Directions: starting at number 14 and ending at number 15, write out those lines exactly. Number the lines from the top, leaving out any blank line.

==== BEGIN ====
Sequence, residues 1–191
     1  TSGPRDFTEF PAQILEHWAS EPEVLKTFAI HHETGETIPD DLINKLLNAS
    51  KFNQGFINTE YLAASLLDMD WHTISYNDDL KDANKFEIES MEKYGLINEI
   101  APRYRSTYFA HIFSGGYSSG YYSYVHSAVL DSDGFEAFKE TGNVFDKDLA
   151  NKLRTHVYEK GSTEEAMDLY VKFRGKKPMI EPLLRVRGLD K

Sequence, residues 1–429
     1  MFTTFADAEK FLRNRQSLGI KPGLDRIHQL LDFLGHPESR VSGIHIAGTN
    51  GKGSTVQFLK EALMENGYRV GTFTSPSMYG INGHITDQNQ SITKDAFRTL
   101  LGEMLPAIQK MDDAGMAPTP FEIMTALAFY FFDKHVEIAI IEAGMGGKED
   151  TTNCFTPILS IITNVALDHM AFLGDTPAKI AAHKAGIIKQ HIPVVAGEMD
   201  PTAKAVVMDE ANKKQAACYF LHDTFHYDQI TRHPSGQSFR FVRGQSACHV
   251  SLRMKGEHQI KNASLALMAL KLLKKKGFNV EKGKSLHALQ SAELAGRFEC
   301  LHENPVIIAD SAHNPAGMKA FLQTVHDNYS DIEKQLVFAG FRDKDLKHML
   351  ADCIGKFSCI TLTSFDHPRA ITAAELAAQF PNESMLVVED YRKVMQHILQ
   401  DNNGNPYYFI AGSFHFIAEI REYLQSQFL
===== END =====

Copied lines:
   351  ADCIGKFSCI TLTSFDHPRA ITAAELAAQF PNESMLVVED YRKVMQHILQ
   401  DNNGNPYYFI AGSFHFIAEI REYLQSQFL